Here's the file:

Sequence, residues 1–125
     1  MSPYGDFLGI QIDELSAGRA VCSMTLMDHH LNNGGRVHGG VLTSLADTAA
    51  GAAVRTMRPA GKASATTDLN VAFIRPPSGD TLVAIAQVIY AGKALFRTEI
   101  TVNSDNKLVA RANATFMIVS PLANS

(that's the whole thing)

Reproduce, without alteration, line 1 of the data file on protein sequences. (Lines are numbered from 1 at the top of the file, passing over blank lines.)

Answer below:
Sequence, residues 1–125